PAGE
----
In Beijing, our musical director Michael Duff gave Peter and me the heads-up on what could have potentially been a disaster... because of visa problems, our touring musicians from Canada and the Ukraine were going to arrive later than expected. The Xi'an presentor had to then hire local musicians to cover for the missing players. At first, it seemed like something out of a musical director's worst nightmare: one player wouldn't produce the best sound, but read music like a demon... another would make the most hauntingly beautiful tones, but can barely read. Michael said that it would take a ton of work, and that he himself didn't know how things would turn out. Peter (God bless him) kept calm and cool and said, "It'll be fine, no worries." Michael had been working with them, and said that this young group (very, very young... a bulk of them are in the local conservatory, still in training, I think) was incredibly hardworking. I'll be honest... there was a part of me that was very doubtful of how opening night would be... and then there was another that would work with whatever we were given, and hope for the best. I just had to trust that it would all be fine...
And thankfully, it was.
(l-r) Brandy Zarle, Peter Saide, Charlie Parker
Sheilla Habab (my adopted sister, personal assistant and dresser)
and Lynn Zhang, my translator
Rehearsing "Loneliness of Evening"
(l-r) Priscilla Duff, who was subbing for our Keyboard 2 player,
and Janet Roma, our associate musical director and Keyboard 1 player
Peter Saide and Steve Gagliastro,
who would be playing the King on opening night in Xi'an
Jen Bechter and Brandy Zarle rehearsing "Stepsisters' Lament"
At our sitzprobe on September 10, for the most part, we heard the sounds that we were used to hearing in Manila. It was evident at this music rehearsal just how much work Michael had put into making this orchestra sound good. Sure, there would be a few bad notes here and there, or one player would go ahead of everyone else, but this was going to be one invaluable experience for these young musicians. Michael pointed out that these kids had probably never seen the inside of an orchestra pit before... which, if you think about it, was an exciting prospect. This was going to be a time in their lives that they won't soon forget. We were rooting for them. Sure, I was angry at the problems that the visa hullabaloo was causing, but I couldn't think about that at this moment... we had work to do.
Only the principals were called at this sitzprobe... the ensemble would get to hear them on our adjustment day on September 11, which was the date of our opening night. After getting the rundown of what our stage adjustments would be (here's a partial list: no palace terrace drop [the red set], no kitchen railing on the bridge, no blue drop in the prologue [we used the bedroom doors instead, and they floated upstage of the bridge and were therefore unusable], no ballroom drop [the purple drop]). Plus, because of the where the scrim would be hung, so much had to be adjusted upstage of their original spike marks that were set in Manila. Plus, because of how the fly system works at this theater, there were sacrifices that had to be made. The speed at which the drops rise and fall is incredibly slow... as in, it would take the better part of one scene to complete a set change. Interesting.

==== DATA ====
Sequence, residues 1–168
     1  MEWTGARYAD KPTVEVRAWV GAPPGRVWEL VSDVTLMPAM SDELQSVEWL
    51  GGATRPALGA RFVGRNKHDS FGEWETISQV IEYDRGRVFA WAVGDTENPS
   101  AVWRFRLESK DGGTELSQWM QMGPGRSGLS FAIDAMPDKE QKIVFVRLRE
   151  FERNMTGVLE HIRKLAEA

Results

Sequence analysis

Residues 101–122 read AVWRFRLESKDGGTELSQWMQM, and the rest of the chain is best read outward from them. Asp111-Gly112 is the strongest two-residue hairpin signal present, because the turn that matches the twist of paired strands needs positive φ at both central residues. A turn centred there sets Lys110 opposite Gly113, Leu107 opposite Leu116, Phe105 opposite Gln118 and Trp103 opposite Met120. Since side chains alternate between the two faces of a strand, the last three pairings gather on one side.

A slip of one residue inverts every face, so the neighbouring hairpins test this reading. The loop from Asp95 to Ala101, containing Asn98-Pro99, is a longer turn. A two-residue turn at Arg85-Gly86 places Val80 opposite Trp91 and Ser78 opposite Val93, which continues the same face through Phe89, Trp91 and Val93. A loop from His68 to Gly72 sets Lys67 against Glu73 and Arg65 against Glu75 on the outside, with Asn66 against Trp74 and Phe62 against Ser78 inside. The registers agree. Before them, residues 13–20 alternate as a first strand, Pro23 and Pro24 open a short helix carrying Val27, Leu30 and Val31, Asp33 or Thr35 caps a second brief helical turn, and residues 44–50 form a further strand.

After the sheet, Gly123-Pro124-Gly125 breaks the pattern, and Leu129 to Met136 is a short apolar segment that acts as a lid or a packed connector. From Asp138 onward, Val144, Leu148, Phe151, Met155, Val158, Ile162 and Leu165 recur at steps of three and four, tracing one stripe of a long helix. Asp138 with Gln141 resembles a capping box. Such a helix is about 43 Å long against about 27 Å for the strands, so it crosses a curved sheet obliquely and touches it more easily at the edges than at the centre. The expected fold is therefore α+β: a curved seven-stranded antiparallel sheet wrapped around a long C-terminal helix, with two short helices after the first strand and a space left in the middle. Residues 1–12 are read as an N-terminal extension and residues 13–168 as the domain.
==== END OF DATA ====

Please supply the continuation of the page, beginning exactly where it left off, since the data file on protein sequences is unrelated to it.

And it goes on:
Our theatre, the Grand Theatre in Renmin Square, Xi'an
Doing stage adjustments for the opening number
Looking up at me is Amy Nelson, our 1st trumpet player
Michael, looking like he's got a migraine coming on...
This is the house...
Jen Jenkins (Dance Captain) adjusting choreography for the theater
Jefferson Slinkard (who watched opening night and enjoyed it),
and Peter with his goofy grin
We also had to get acquainted with dressers and backstage crew that spoke very little to no English... there are interpreters stationed on each side of the stage to help the American crew give quick instructions for set moves and whatever else (our head props person brings along her electronic English-Chinese dictionary with her everywhere to communicate)... plus a few more for the hairdressers and dressers. To be sure, this has been a very interesting as well as educational experience for all of us, and we're having a pretty good time. (The only downer for me is going past the very -- ahem -- "fragrant" men's room when I need to go to the wardrobe room or to stage left. Phew!)
The audiences here in Xi'an have been really, really great. We were told to expect a conservative, polite crowd that only really erupts at the very end during curtain call... that possibly there wouldn't be applause after song numbers because, it was explained to us, that the audience doesn't want to interrupt the show as it's going. That's really sweet! So we go in not expecting anything, but being pleasantly surprised when applause arrives. It's all good. And yes, they really go full out at curtain call. It's really wonderful.
Yes, we've all been learning some functional Mandarin... I can now say "Hello," "I'm sorry," "Excuse me, let me pass," "Thank you," "bathroom," and "What's your name?" It's not much, but it's something! We all try with our very Western (and in my case, Pinoy) accents to learn more and more vocabulary and phrases... it does send our "teachers" (the interpreters and wardrobe department heads) into fits of laughter when we say things with the wrong tone or inflection. But it's been fun!
Our run in Xi'an so far has been really fantastic, despite the challenges that have come our way. The challenges turned out to not be insurmountable, thankfully... all the hard work that everyone in the company is putting in is really paying off. The crew is doing a great job, the dressers and hairdressers as well, and the show is running like a machine once again.
Next stop for me: the Terra Cotta Warriors. I have been waiting for this field trip for so long!!!